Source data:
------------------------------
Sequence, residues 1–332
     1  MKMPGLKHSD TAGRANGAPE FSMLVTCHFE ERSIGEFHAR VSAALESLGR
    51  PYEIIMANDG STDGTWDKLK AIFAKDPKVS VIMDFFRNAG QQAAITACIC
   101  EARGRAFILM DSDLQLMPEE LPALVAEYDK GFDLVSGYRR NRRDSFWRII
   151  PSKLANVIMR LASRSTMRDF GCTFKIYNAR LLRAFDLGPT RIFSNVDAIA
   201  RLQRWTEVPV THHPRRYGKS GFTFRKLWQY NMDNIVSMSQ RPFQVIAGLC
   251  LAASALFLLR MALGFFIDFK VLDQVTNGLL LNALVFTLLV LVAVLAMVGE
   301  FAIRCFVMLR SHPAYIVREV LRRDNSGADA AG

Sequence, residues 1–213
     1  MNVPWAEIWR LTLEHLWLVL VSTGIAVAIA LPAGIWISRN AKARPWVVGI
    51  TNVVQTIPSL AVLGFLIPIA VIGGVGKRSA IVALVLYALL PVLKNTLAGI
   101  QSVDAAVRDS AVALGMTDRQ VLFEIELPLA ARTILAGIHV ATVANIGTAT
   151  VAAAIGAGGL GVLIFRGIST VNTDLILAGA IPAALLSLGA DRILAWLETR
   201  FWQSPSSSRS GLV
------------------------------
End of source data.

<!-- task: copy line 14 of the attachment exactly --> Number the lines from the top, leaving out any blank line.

   201  FWQSPSSSRS GLV